Know what basics you’ll need to cover, and in how much depth – Different clients will need different amounts of explanation about the basics of Medicare and how the plans they’re considering work. Are they totally new to Medicare? Are they just looking to change between like plan types? Are they switching between Medicare Advantage and Medicare Supplement plans? Each scenario means a different amount of background information that the client will require.

    Doing a bit of extra work preparing to meet with clients will not only help you get the sale, it will make you look more professional and give your clients a better experience, bringing you more referrals and better persistency.

  • Why Do Clients Want a Brand Name?

    Often agents can be frustrated by a client’s insistence on going with a particular brand name carrier, despite price and benefits that suggest they should go with a different company. So what is it that makes clients willing to spend more money for a brand name?

    They think higher cost is worth lower risk – Clients can perceive the more familiar company as being a lower risk than another, lesser known company. Higher cost is a tradeoff that they’re willing to make, because health care isn’t the type of thing on which most people want to take a risk.

    They think higher price means it’s better – It’s not uncommon for clients to expect that the higher priced product with the company name they know is somehow better. As an agent you know this may or may not be true, but clients are generally looking at their insurance purchase the same way they would any other purchase. The more expensive brand name is likely better than the less expensive generic version. Remind them that it’s more like generic prescriptions, where they’re essentially the same thing at a much lower cost than brand name.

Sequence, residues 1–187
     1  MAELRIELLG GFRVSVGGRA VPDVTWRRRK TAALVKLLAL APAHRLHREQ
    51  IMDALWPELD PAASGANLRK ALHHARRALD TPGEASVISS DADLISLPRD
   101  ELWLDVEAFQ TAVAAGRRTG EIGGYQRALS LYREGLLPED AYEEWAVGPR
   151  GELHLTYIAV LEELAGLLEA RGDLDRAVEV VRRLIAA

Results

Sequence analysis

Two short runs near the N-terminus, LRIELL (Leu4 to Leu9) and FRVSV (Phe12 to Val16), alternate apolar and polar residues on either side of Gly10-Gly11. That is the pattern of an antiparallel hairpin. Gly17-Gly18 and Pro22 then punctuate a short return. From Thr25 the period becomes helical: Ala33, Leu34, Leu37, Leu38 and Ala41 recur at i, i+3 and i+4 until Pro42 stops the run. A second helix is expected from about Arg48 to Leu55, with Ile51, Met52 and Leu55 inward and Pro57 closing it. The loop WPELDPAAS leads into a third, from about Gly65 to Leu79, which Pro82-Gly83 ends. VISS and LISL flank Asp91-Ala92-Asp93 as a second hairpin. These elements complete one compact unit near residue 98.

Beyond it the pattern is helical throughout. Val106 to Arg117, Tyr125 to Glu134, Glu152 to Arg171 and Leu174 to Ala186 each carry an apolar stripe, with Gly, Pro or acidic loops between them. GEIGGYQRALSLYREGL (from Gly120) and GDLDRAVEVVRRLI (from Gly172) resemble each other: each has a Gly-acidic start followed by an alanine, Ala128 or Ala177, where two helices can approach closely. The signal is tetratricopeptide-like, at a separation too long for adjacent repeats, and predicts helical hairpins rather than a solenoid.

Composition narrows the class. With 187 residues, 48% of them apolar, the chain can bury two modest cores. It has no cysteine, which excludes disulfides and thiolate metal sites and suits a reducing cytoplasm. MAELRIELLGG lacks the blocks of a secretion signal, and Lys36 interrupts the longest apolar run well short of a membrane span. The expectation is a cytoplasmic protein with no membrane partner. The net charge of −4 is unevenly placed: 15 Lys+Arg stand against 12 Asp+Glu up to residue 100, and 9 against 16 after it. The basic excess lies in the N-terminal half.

So how do you combat this?

    Show clients the CMS materials – By showing clients the “Medicare and You” or “Choosing a Medigap Plan” booklets, you can help them see that plans are regulated and that they’re protected by the federal government. For Medicare Supplement clients, show them the chart in the “Choosing a Medigap Plan” booklet that shows the different plan benefits and the part where it says that all letter plans are standardized and provide the same benefits.

    Show them ratings and explain company track records – Star ratings and financial ratings for insurance companies can go a long way to soothe a nervous client who is reluctant to choose a plan that would be a better fit because of company brand recognition. If you can show a client that both plans they’re considering are four star plans, or that both companies have an A rating, it can help them see past their bias towards a familiar company.

    Give them what they want – Ultimately, if a client is set on a particular “brand name,” give them what they want. Explain the benefits and the downsides and let them make the choice, even if it isn’t the one you would make. They’re the ones who have to be comfortable with the coverage provided and the cost.

    As is usually true, your job is simply to educate your clients and let them make the choice with which they’re comfortable.